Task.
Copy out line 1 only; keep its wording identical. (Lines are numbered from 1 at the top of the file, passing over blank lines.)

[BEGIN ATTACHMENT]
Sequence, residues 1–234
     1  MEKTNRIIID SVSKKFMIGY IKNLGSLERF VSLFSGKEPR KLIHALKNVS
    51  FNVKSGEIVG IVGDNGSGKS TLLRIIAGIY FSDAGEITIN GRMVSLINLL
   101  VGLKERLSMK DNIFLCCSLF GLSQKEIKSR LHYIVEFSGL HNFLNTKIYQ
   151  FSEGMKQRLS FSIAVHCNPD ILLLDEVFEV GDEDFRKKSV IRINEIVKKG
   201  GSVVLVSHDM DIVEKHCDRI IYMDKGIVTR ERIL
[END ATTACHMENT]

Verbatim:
Sequence, residues 1–234